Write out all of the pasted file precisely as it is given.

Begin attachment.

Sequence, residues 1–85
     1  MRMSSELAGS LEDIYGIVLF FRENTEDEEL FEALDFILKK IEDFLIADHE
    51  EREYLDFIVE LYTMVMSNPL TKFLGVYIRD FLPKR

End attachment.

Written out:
Sequence, residues 1–85
     1  MRMSSELAGS LEDIYGIVLF FRENTEDEEL FEALDFILKK IEDFLIADHE
    51  EREYLDFIVE LYTMVMSNPL TKFLGVYIRD FLPKR